Oral Histories from Jackson Heights

“Si dicen que son hispanos, lo van a catalogar como gente de tercera”

Estella Jaramillo, former LaGuardia student, speaks on the struggles of speaking Spanish in the U.S.


“Once Again I’m  more Americanized” BUT “I wouldn’t say I’m American”

Armand is a young man of 20 who is Bangladeshi and speaks Bengali at the skill of a baby. We held a discussion about his identity and his feelings as a Bengali man born in America.


“There is no barrier with communications in Jackson Heights”- Elena / “Jackson Heights welcomes everyone” -Rosa

Listen to Rosa and Elena’s thoughts about diversity of linguistic landscape in Jackson heights. They share their opinions about what they think is the proper language in the U.S. According to Rosa the owner of this business decided to make the sign in English and Spanish because “We are in America”.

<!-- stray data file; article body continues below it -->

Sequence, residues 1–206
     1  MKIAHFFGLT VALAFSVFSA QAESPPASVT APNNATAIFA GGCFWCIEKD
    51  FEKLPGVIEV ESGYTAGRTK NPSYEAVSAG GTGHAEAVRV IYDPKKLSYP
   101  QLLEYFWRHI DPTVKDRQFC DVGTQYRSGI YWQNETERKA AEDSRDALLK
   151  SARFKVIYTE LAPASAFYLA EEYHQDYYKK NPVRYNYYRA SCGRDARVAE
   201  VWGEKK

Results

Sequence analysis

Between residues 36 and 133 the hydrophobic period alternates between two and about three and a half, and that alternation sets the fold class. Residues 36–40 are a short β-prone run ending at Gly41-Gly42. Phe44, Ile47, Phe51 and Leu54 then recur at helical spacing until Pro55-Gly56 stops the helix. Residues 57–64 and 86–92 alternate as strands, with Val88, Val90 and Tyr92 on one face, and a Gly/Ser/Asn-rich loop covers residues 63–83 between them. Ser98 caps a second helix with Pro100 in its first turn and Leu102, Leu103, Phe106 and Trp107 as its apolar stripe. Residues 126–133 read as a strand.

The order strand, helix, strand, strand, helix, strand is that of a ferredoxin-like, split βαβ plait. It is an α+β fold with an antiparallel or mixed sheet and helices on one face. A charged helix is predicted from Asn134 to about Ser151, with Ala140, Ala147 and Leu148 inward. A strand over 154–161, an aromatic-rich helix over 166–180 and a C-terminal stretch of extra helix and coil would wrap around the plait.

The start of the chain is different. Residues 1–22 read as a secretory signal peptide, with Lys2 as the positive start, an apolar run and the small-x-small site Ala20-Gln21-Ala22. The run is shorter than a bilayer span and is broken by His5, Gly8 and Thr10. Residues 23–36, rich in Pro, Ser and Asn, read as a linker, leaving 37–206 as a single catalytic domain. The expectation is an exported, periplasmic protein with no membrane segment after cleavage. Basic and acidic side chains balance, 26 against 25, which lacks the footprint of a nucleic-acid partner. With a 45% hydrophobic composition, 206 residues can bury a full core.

“The are people from different countries, each part has his own culture” – Ayana

Listen to Ayana, from Ecuador, who was been living in Jakson Heights since she was 12 years old. She is of the opinion that Jackson Heights is very diverse where every street has their own nationality and language.


“English doesn’t make a person rich” – Jorge

Learn about Jorge, a hard working man from Medellín, Colombia. He works next to the 7 train tstop and 83rd selling empanadas.


I see many cultures and many languages… Indian, Arabic, English, Spanish and Chinese and even Korean, this makes me feel very good” – Iman

Listen to Iman, a Jackson Height’s resident for many years who really enjoys the diversity of his neighborhood and appreciates being a part of it.